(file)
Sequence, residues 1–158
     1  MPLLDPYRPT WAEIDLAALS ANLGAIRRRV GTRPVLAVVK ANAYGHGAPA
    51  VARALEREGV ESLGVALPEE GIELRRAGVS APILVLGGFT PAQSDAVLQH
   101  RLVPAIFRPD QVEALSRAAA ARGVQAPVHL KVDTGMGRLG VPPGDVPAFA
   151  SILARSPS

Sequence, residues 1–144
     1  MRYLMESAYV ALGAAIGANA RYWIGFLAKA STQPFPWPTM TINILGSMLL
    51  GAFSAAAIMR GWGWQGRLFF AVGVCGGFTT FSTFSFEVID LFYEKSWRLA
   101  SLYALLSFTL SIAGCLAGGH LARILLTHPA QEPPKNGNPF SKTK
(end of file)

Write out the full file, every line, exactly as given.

Sequence, residues 1–158
     1  MPLLDPYRPT WAEIDLAALS ANLGAIRRRV GTRPVLAVVK ANAYGHGAPA
    51  VARALEREGV ESLGVALPEE GIELRRAGVS APILVLGGFT PAQSDAVLQH
   101  RLVPAIFRPD QVEALSRAAA ARGVQAPVHL KVDTGMGRLG VPPGDVPAFA
   151  SILARSPS

Sequence, residues 1–144
     1  MRYLMESAYV ALGAAIGANA RYWIGFLAKA STQPFPWPTM TINILGSMLL
    51  GAFSAAAIMR GWGWQGRLFF AVGVCGGFTT FSTFSFEVID LFYEKSWRLA
   101  SLYALLSFTL SIAGCLAGGH LARILLTHPA QEPPKNGNPF SKTK